We can be pro democratic, pro personal responsibility, pro people, pro freedom, pro property rights, and pro environment. Pro bureaucrat won't cut it, though. Nothing is worse for the environment than bureaucrats trying to advance their own careers and interests at the expense of the rest of society. We should be trying to save the environment for our children's future and our grandchildren's future, not saving bureaucrats for our children's future and our grandchildren's future.

Central planning and micro-managment accrue benefits only for central planners and micro-managers. Any central planner laboring to enact ecological imperatives supposedly more important than the rights of individuals is embarking on the journey that Isaiah Berlin warned us against when he spoke about the perils of positive liberty. Ultimately, that coercive path must necessarily conflict with democratic values, economics, and protection of the environment.

Today, during public access time, a citizen happened to preface his opening remarks with the polite entreaty, "Correct me if I'm wrong." Our Council Chair shot back, "Oh, I will." That kind of snotty disrespect is emblematic of our County's overall contempt for its own citizens. Only bona fide members of the County central planning echo chamber (or should that be eco-chamber?) are allowed to be right. Makes you wonder whether the rest of us exist at all.

If a tree falls in the forest, and there are no citizens around to hear it, are we still wrong?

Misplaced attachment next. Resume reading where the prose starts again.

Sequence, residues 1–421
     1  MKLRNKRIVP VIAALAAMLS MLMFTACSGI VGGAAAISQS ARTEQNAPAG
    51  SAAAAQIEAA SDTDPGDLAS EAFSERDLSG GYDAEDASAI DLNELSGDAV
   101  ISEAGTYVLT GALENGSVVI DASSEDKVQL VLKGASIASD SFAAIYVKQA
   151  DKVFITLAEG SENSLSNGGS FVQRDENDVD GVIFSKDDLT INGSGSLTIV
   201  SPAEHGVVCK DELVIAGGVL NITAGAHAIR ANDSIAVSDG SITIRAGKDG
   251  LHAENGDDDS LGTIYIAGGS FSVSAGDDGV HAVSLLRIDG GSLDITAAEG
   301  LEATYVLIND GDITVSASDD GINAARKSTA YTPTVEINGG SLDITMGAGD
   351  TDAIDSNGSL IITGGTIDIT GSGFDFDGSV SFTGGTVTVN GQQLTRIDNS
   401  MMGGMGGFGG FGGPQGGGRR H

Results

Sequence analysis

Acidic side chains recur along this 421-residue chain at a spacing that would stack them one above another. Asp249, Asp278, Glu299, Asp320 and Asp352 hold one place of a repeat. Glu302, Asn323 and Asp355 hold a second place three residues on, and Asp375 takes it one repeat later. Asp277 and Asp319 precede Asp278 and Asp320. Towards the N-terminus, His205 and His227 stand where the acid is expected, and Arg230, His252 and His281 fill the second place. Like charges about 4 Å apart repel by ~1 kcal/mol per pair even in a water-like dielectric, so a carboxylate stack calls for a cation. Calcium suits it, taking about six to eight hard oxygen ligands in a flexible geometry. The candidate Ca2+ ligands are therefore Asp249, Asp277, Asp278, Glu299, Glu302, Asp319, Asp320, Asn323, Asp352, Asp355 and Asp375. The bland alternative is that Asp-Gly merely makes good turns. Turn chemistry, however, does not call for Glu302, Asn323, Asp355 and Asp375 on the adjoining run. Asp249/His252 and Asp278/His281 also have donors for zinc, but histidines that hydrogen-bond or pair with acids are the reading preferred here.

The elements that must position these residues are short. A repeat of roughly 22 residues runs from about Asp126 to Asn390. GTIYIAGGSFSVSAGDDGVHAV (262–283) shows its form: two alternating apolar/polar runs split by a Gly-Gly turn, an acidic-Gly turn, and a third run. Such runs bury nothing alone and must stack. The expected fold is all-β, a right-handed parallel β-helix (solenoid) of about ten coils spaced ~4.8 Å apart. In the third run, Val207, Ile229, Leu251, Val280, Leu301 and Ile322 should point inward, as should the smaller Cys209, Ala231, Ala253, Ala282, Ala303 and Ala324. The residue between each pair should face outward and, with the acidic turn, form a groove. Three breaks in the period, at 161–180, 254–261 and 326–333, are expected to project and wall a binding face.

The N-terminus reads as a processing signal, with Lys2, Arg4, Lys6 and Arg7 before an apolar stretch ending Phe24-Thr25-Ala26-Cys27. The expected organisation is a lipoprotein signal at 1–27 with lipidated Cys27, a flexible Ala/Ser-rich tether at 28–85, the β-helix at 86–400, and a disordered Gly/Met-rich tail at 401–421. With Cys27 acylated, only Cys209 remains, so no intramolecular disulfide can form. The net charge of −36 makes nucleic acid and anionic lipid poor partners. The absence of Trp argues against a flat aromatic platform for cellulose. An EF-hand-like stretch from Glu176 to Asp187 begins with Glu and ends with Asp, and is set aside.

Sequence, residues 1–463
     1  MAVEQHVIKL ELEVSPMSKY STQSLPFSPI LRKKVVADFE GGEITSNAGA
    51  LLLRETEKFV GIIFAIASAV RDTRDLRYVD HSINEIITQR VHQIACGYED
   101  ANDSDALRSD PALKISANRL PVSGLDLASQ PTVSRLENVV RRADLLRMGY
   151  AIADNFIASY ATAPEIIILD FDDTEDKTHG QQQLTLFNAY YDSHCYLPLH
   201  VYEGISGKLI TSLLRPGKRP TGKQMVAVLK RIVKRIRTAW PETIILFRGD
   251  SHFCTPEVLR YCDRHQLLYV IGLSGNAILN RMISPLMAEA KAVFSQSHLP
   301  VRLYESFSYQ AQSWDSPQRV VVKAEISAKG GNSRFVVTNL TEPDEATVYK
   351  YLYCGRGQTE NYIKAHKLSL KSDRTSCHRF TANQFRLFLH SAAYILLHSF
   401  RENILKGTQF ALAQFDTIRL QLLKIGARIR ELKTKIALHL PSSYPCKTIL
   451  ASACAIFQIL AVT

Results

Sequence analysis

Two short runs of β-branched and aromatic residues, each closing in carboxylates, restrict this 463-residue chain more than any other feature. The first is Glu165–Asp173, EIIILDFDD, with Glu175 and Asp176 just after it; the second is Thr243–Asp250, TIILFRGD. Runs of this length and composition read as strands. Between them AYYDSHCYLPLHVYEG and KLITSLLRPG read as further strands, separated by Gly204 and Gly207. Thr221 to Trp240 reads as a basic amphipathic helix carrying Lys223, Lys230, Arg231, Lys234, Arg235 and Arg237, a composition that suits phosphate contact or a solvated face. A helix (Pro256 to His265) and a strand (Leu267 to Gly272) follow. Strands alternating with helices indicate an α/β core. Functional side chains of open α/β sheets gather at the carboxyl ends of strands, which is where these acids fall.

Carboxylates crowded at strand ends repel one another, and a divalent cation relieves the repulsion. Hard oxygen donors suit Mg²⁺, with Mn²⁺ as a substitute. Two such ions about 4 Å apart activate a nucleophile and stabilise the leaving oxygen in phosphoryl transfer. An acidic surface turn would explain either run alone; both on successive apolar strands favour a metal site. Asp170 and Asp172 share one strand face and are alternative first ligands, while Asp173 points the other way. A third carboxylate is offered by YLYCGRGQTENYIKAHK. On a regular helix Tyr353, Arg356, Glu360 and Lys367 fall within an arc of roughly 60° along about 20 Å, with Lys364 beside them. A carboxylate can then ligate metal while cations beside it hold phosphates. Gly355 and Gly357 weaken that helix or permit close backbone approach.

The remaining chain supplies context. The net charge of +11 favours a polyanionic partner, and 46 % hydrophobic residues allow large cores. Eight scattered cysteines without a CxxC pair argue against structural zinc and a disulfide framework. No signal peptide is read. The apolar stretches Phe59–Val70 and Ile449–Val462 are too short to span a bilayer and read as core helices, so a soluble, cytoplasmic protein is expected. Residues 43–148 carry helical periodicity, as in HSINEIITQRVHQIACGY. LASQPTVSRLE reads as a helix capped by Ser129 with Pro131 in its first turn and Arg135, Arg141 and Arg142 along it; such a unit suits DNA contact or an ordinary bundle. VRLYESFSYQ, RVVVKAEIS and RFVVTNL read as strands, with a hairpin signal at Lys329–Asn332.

1. Soooooo (as Mrs. Hale would say), here's a tale: Mrs. Hale and her happy little group of planner-types get together and organize a grant request to the EPA from our County that would require Mrs. Hale, Mr. Hale, and some other folks to take courses, have conferences with all their friends to spread their knowledge of "Managing Growth In Island Communities," and build the lovely "Constructed Wetland" that now forms the backdrop of the Village Green in Eastsound. EPA is paying about $700,000, and the County committed $350,000 of County funds. Not a bad haul. (I'm surprised it doesn't include a boat outing for the staff.) For a cool million, we're hoping that there's a major breakthrough in "managing" stuff.

  2. Hello, I am the world's most interesting man....

    I don't often violate land use rules, but when I do, I choose CAO.

  3. Ms. Miller chairperson of the San Juan County Council:

    The chair position is to facilitate
    discussion, not to dominate it. Your need to be a policy wonk is OK but you must understand you're really not really good at it so far. Your proposal for solid waste was a poor effort rejected by the voters. Frankly, anyone getting that slap in the face would likely be looking for a rock to hide under, but not you. Perhaps it's all about ego or something, but your approach and negativity toward citizens of this County is not being well received.

    Well hear this: Your nose in the air, I know best, attitude, is getting you a following, a large number of folks who feel the ground you walk on should be removed by San Juan Sani.

    Good luck, you will need it.

  4. I do believe that Councilperson Miller will be almost single-handedly responsible for the Charter revisions passing. That's sad, because it is not the Charter structure, but the quality of people we keep putting on Council.